Medical marijuana activists worry about crackdown on LA pot shops

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The Los Angeles City Council expects this week to give final approval to a new law that’s shut down hundreds of medical marijuana dispensaries. Some people wonder how city officials will enforce the new law.

Last week, L.A. City Councilman Bill Rosendahl quizzed city officials on how the city plans to shut down pot shops that don’t fall under the 140 allowed under the new law.

“So when you do that, you’ll notify them so we don’t have some draconian knock on the door and come-and-smash-apart type of activity" said Rosendahl, who thinks the city is overreacting to pot shops.

Jane Usher of the city attorney's office assured the councilman that the city would seek voluntary compliance. “That’s how we’ll proceed unless you’d prefer the smashing and knocking and the draconian.”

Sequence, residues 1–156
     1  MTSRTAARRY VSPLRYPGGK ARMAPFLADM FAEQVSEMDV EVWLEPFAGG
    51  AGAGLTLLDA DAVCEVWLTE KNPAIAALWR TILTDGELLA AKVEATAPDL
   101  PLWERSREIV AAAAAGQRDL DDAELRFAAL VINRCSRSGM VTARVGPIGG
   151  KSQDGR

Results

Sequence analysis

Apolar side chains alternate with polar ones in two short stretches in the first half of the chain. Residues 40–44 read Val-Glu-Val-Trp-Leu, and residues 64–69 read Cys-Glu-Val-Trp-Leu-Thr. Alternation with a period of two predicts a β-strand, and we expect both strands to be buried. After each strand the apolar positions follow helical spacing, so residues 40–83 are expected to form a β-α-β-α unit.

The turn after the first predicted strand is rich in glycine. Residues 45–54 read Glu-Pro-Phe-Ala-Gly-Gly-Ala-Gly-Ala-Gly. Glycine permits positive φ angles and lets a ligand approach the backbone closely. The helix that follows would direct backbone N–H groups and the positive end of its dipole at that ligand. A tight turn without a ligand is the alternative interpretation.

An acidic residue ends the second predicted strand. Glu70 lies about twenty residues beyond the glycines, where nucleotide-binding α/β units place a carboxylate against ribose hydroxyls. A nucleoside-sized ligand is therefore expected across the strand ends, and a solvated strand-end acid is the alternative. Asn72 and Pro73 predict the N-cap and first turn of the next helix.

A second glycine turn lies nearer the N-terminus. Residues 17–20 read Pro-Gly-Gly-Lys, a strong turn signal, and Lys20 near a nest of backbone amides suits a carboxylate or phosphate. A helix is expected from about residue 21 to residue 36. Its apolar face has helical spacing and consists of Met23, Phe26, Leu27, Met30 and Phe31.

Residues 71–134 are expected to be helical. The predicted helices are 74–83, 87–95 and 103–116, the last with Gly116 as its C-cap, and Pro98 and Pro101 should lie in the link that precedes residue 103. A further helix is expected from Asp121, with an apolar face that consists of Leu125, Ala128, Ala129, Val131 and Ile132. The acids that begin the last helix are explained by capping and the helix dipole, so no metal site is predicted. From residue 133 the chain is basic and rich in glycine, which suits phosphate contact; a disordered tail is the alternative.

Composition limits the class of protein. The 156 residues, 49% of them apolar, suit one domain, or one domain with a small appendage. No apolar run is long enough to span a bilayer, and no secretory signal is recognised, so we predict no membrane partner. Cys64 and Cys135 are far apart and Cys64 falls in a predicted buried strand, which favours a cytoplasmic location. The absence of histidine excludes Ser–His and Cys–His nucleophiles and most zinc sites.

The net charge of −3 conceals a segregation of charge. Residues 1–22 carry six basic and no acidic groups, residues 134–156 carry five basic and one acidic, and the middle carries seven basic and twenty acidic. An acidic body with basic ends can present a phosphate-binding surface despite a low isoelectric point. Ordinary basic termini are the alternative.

Rosendahl said he would not.

Medical marijuana activists are still worried.

The ordinance prohibits pot shops from operating within 1,000 feet of schools, churches and parks. They can’t open across the street or alley from homes or apartments. This means that every one of the 14 in Venice must close, for example.

Don Duncan is with Americans for Safe Access, a group that’s lobbied on behalf of marijuana dispensaries and their patients. He acknowledged many dispensaries may ignore the new law.

“Obviously, we don’t expect widespread compliance, and it remains to be seen what the city’s going to do to enforce this ordinance."

Duncan said he heard the city attorney office say they’d require voluntary compliance. But, "I suspect there’s something beyond that.”

Los Angeles District Attorney Steve Cooley has threatened to close pot shops himself. He argues that most are little more than glorified drug dealers.

The ordinance imposes a slew of regulations on pot shops. They can only operate from 10 a.m. to 8 p.m.; they must employ security guards; they’re subject to police inspection. They must operate as non-profits and submit to independent audits. And they’re not supposed to sell marijuana — only to accept cash and in-kind contributions for its growth and delivery.